Ford saw a future in which every surface is a touchscreen, but its customers didn’t share in that vision.
Ford saw a future in which every surface is a touchscreen. But its customers didn’t share in that vision. So the American carmaker is reversing course and adding back knobs and other traditional controls to its dashboard panels.
MyFord Touch, first introduced in 2010, put most of the controls for climate, entertainment, and navigation within a large touchscreen interface. The system also responds to voice commands. Ford said it would “help consumers fall in love with their vehicles again,” but consumers mostly just hated it. “Simple tasks have been made time-consuming and distracting,” concluded Consumer Reports in a typical review. Recent updates to the system were similarly panned.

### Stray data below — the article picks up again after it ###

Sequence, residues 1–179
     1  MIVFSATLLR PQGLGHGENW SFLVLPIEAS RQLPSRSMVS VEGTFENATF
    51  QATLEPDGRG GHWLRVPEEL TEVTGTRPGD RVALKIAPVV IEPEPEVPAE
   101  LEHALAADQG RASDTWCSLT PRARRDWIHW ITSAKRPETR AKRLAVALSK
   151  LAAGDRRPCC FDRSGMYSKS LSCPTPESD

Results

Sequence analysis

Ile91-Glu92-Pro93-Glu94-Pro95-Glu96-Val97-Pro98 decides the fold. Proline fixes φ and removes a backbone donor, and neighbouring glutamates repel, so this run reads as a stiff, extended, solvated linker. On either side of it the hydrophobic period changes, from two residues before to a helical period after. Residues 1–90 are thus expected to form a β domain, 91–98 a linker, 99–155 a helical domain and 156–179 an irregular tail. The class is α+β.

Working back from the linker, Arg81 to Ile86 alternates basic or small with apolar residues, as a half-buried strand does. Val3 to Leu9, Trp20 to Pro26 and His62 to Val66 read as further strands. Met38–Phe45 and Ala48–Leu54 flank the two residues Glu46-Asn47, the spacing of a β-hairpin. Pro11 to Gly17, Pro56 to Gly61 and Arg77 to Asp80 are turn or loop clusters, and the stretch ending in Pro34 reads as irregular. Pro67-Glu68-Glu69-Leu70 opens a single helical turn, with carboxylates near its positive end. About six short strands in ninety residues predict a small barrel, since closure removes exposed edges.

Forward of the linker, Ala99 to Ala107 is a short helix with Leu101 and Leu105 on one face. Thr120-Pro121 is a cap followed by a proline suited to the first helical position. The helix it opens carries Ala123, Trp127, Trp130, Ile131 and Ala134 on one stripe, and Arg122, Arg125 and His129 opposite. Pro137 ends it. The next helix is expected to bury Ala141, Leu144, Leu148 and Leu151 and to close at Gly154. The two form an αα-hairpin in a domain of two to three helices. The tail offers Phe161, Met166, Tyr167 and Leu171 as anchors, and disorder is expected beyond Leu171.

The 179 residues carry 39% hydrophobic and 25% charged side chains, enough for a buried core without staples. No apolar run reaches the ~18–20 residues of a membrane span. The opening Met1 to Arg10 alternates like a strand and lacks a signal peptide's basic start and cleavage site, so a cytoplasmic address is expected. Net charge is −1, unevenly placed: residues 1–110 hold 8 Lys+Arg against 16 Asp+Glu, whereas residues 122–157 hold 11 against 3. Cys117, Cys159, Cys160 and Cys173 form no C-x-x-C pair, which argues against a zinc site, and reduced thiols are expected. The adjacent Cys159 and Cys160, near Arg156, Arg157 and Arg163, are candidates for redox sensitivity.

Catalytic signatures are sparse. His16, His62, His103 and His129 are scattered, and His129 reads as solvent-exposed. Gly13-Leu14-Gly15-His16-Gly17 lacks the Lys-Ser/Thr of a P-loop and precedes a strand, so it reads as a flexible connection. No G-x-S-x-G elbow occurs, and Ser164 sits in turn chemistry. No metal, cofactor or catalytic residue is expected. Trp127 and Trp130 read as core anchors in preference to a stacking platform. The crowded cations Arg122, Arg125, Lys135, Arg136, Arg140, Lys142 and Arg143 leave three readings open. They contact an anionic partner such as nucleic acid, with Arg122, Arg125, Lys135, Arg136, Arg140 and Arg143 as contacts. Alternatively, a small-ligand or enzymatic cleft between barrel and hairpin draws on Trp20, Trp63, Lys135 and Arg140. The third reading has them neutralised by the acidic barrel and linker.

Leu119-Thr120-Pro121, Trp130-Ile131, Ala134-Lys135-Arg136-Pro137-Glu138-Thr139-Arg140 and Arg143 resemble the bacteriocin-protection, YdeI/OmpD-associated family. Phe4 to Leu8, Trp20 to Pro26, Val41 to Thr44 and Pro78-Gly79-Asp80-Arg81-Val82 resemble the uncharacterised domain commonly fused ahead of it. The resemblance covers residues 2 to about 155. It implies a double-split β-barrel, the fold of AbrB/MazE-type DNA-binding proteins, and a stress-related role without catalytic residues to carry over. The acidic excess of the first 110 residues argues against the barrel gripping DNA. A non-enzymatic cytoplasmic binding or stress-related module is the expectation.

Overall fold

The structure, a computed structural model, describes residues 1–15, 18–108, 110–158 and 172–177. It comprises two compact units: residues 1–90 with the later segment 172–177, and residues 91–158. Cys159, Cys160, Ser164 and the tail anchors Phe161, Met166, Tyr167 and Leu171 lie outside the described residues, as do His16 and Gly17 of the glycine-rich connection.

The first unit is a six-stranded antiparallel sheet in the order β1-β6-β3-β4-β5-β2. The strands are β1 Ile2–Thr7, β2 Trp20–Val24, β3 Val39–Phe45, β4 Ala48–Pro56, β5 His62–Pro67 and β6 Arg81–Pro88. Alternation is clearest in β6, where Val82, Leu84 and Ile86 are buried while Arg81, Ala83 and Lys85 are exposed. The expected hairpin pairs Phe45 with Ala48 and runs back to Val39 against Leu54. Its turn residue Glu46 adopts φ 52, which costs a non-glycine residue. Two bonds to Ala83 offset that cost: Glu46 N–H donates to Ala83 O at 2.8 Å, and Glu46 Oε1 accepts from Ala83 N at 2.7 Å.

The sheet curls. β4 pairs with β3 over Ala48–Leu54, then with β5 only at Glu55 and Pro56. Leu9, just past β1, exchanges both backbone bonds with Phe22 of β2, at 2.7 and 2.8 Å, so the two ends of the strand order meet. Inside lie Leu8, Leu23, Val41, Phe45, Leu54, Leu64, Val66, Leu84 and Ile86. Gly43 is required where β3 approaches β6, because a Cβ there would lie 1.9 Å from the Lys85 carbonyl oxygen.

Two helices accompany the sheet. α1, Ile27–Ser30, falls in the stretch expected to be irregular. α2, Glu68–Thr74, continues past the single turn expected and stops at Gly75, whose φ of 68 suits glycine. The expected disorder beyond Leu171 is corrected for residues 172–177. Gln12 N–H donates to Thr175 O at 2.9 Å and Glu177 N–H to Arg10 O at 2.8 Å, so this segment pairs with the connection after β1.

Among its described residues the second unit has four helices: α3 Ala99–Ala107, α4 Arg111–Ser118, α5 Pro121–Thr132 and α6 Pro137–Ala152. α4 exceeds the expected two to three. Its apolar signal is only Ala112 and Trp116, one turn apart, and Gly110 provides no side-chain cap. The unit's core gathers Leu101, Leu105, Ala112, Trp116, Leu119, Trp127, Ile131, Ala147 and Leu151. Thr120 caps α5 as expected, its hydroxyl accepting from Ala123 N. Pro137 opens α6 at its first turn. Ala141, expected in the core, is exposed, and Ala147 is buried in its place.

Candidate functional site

There’s a line of thought that, as sensors and LCDs become cheaper and more plentiful, more and more surfaces will become interactive screens. Microsoft, which helped develop the MyFord Touch system, is a big proponent of this idea. And, of course, the notion has only been encouraged by the wild success of smartphones and tablets for which the interface is essentially just a touchscreen.